ARB Research Seminar
This page updated June 19, 2013
Low Emission Four-Stroke Outboard Marine Engine Utilizing Catalyst
Jeff Broman, Product Development and Engineering Group, Mercury Marine, Fond du Lac, Wisconsin
March 17, 2010
Cal EPA Headquarters, 1001 "I" Street, Sacramento, CA
A conceptual project aimed at understanding the fundamental design considerations concerning the implementation of catalyst systems on outboard marine engines was carried out by Mercury Marine, with the support of the California Air Resources Board's Innovative Clean Air Technologies (ICAT) program. In order to keep a reasonable project scope, only electronic fuel injected four-stroke outboards were considered. While they represent a significant portion of the total number of outboard engines sold in the United States, carbureted four-strokes and direct injected two-strokes pose their own sets of design constraints and were considered to be outside the scope of this study.
The integration of catalyst systems on outboards is much more challenging than on other marine propulsion alternatives. Sterndrive and inboard engines are horizontal crankshaft engine derivatives of an automotive counterpart. Outboards on the other hand utilize a vertical crankshaft, open loop cooling, and consist almost entirely of components that were specifically designed for a marine outboard engine application.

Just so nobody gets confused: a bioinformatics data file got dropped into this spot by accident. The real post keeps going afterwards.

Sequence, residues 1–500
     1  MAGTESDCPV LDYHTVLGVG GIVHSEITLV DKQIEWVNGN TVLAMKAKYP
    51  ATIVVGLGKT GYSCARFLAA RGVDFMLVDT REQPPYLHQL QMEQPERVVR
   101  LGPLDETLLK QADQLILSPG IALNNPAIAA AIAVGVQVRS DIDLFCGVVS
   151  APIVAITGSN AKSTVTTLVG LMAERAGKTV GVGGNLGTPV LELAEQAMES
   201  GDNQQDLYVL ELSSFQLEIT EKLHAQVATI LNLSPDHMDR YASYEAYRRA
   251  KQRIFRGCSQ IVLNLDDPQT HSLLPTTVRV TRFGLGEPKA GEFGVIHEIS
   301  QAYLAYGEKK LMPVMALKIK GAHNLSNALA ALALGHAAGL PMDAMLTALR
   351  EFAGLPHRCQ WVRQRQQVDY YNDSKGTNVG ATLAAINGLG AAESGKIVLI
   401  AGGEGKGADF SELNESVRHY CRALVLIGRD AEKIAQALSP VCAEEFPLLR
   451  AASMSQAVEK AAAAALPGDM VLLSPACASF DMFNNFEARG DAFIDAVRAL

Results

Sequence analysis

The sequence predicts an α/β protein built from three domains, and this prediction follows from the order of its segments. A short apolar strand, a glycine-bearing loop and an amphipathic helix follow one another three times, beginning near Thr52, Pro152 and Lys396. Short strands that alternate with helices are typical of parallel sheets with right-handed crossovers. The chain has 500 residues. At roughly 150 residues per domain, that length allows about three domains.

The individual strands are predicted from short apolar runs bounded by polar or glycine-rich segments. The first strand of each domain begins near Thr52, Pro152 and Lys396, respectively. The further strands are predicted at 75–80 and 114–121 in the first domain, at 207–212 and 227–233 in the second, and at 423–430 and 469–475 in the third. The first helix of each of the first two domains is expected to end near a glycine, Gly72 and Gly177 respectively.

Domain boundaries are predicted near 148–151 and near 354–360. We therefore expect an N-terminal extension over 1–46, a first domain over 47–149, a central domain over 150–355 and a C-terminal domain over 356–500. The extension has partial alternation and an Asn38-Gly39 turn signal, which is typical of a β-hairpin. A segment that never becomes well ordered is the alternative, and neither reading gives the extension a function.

This presentation will show how Mercury Marine designed a catalyst system for two families of outboard engines utilizing state of the art processes and design analysis tools. Prototypes of one of the designs were constructed and tested. Results of that testing will be shown that highlight the potential to meet four-star emissions levels and the challenges that will face commercializing this technology.
Jeff Broman is a development engineer in the Product Development and Engineering Group at Mercury Marine. Mr. Broman's work at Mercury Marine has focused on engine thermodynamics development, including combustion, gas exchange, emissions, and engine calibration on conventional two-stroke, direct injected 2-stroke, and naturally-aspirated and pressure-charged 4-stroke outboard engines. Mr. Broman has a B.S. in Mechanical Engineering from the University of Wisconsin.